Transcriptome is the sum of all mRNA transcribed by a specific cell or tissue at a certain developmental stage or functional state. With the development of a new generation of high-throughput sequencing technology, the generation of a large number of transcriptome sequencing data can provide rich sequence resources for animal and plant gene expression and function analysis, molecular marker development and related metabolic pathway research (Vaattovaara et al., 2019). The development of molecular biology of Eucalyptus cloeziana is slow, and the lack of genomic and transcriptome information limits the research on genetic improvement of Eucalyptus cloeziana. At present, only Zhu et al. (2018) annotated and analyzed the gene function of the transcriptome sequence of Eucalyptus cloeziana root. The existing SSR markers of Eucalyptus cloeziana all come from the reported near source Eucalyptus. For example, et al. (2020) used 12 SSR loci to study the genetic variation level of free pollinated progeny forest of different provenances of Eucalyptus cloeziana; Deng et al. (2019) analyzed the genetic variation of Eucalyptus cloeziana population by using the SSR loci developed in near source Eucalyptus, but there is no report on the development of SSR markers for Eucalyptus cloeziana at present. The existing phylogenetic analysis of Eucalyptus shows that (Steane et al., 2011), Eucalyptus cloeziana is far from other eucalyptus trees in the same genus and belongs to an independent subgenus. Therefore, the research on the genome and transcriptome of this species will help to further explore its species characteristics.


In this study, the 2-year-old Eucalyptus cloeziana terminal buds were used as the material, the transcriptome sequence data were obtained by Illumina HiSeq X Ten high-throughput sequencing technology, and the gene function annotation and SSR locus retrieval and analysis were carried out for all Unigenes, so as to provide a theoretical basis for the functional gene mining, genetic map construction and SSR marker development of important traits such as growth and wood properties of Eucalyptus cloeziana.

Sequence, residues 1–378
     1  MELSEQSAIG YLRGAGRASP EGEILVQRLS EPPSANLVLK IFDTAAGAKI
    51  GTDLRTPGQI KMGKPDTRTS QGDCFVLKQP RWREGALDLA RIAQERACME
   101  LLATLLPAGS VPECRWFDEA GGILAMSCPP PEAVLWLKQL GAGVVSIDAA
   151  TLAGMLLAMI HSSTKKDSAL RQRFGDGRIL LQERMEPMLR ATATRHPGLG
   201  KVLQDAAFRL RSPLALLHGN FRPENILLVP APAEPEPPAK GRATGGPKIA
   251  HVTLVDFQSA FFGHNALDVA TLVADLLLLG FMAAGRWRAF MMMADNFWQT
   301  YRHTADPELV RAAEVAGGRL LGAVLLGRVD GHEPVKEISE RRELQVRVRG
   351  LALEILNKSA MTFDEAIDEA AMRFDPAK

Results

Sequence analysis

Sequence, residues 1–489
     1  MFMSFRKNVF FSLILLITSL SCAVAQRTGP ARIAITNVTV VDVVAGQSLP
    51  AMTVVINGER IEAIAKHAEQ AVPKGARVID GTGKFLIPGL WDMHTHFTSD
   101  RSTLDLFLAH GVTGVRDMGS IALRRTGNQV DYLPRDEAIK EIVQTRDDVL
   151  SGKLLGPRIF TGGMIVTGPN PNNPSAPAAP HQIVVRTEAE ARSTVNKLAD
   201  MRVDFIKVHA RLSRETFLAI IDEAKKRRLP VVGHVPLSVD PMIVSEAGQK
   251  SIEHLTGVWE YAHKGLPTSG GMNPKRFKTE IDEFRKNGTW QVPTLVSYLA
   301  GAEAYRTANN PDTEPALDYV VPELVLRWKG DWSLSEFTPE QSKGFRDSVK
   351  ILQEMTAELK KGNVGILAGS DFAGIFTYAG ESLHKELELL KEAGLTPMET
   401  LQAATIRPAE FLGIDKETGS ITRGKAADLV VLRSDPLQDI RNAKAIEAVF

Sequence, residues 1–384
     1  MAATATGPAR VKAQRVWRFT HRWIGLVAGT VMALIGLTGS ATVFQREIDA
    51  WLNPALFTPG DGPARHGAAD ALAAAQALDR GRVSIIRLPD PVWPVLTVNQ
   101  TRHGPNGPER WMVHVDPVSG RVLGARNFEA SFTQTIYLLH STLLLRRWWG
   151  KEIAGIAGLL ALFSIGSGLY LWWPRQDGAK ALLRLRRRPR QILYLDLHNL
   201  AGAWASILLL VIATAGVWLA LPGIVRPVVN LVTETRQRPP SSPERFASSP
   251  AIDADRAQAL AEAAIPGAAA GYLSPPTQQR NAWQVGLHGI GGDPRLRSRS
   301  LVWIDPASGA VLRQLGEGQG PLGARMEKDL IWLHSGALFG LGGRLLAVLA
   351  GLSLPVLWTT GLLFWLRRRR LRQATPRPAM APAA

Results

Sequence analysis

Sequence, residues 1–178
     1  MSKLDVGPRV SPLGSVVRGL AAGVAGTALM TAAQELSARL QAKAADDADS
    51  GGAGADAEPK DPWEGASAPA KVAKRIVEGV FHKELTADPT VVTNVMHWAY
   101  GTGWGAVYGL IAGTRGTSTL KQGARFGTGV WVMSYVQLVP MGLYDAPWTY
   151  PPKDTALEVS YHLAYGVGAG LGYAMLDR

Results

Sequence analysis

1 Results and Analysis

1.1 Transcriptome sequencing analysis of Eucalyptus cloeziana

56 157 538 Raw reads were obtained by sequencing the transcriptome of Eucalyptus cloeziana terminal buds, and the number of bases was 8 423 630 700 bp (8.4 Gb). After removing the low-quality original sequence, 55 203 802 clean reads were obtained, accounting for 98.3% of the original sequence. The amount of clean bases was 7 473 648 753 bp (7.5 Gb), the percentage of bases with quality of Q30 (the correct recognition rate of bases up to 99.9%) was more than 93.99%, and the content of GC was 49.97%. The above data showed that the transcriptional data of Eucalyptus cloeziana obtained by sequencing on Illumina hiseq platform was of good quality. Using Trinity software for assembly and splicing, a total of 26 587 Unigenes were obtained, with a total length of 34 023 022 bp, N50 of 1 851 bp, the longest and shortest sequences of 15 778 bp and 301 bp respectively, and the average length of 1 279.69 bp. There were 13 527 Unigenes between 301 and 1 000 bp, accounting for half of the total (50.87%); There were 7 836 Unigenes between 1001 and 2000 bp, accounting for 29.47% of the total; The length >2000 bp accounted for 19.65% (5 224 Unigenes) (Figure 1). In general, the transcriptome sequencing of Eucalyptus cloeziana terminal buds was of good quality, the sequence assembly was long, and the length range was relatively uniform.



Figure 1 Unigene length distribution of Eucalyptus cloeziana


1.2 Basic function annotations of transcriptome in Eucalyptus cloeziana terminal buds

All UniGenes (26 587) of the transcriptome in Eucalyptus cloeziana terminal buds obtained by sequencing were compared with seven related databases (NR, COG/KOG, GO, Swiss-Prot, eggNOG, KEGG and Pfam) by BlastX for annotation, gene function and metabolic pathway analysis (Figure 2). Finally, 22 099 Unigenes (83.12%) with annotation information were obtained, of which 4 777 (17.96%) were successfully annotated in all databases. The number of Unigenes annotated in NR database was the largest, with a total of 21 969 (82.63%); The number of Unigenes annotated in KEGG database was the least, with only 7 117 (26.77%). The number of Unigenes annotated in eggNOG, Swiss-Prot, Pfam, GO and KOG databases was 19 671 (73.99%), 15 469 (58.86%), 15 208 (57.20%), 14 105 (53.05%) and 11 507 (43.38%) respectively. The Unigenes of transcriptome in Eucalyptus cloeziana terminal buds obtained higher annotation rate.